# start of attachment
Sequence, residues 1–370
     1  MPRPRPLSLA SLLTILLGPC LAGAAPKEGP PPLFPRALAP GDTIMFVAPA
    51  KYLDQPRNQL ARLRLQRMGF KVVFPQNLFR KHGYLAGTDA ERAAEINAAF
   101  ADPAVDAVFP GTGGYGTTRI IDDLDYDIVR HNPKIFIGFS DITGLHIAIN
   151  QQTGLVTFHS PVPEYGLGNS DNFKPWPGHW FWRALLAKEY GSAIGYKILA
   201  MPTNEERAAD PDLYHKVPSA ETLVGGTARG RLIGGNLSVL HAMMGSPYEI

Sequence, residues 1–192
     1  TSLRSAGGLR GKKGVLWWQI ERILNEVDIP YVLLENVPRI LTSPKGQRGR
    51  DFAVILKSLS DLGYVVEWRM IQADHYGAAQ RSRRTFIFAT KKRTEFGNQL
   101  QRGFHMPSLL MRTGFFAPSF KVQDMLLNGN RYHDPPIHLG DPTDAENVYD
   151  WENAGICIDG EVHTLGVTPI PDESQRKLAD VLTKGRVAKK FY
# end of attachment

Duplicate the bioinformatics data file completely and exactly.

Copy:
Sequence, residues 1–370
     1  MPRPRPLSLA SLLTILLGPC LAGAAPKEGP PPLFPRALAP GDTIMFVAPA
    51  KYLDQPRNQL ARLRLQRMGF KVVFPQNLFR KHGYLAGTDA ERAAEINAAF
   101  ADPAVDAVFP GTGGYGTTRI IDDLDYDIVR HNPKIFIGFS DITGLHIAIN
   151  QQTGLVTFHS PVPEYGLGNS DNFKPWPGHW FWRALLAKEY GSAIGYKILA
   201  MPTNEERAAD PDLYHKVPSA ETLVGGTARG RLIGGNLSVL HAMMGSPYEI

Sequence, residues 1–192
     1  TSLRSAGGLR GKKGVLWWQI ERILNEVDIP YVLLENVPRI LTSPKGQRGR
    51  DFAVILKSLS DLGYVVEWRM IQADHYGAAQ RSRRTFIFAT KKRTEFGNQL
   101  QRGFHMPSLL MRTGFFAPSF KVQDMLLNGN RYHDPPIHLG DPTDAENVYD
   151  WENAGICIDG EVHTLGVTPI PDESQRKLAD VLTKGRVAKK FY